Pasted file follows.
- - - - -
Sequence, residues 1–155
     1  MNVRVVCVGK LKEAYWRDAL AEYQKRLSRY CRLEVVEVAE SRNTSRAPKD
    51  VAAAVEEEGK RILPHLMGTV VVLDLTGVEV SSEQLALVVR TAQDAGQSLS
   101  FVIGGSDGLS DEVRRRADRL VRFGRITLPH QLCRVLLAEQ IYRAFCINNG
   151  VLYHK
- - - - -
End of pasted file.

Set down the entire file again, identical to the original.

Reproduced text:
Sequence, residues 1–155
     1  MNVRVVCVGK LKEAYWRDAL AEYQKRLSRY CRLEVVEVAE SRNTSRAPKD
    51  VAAAVEEEGK RILPHLMGTV VVLDLTGVEV SSEQLALVVR TAQDAGQSLS
   101  FVIGGSDGLS DEVRRRADRL VRFGRITLPH QLCRVLLAEQ IYRAFCINNG
   151  VLYHK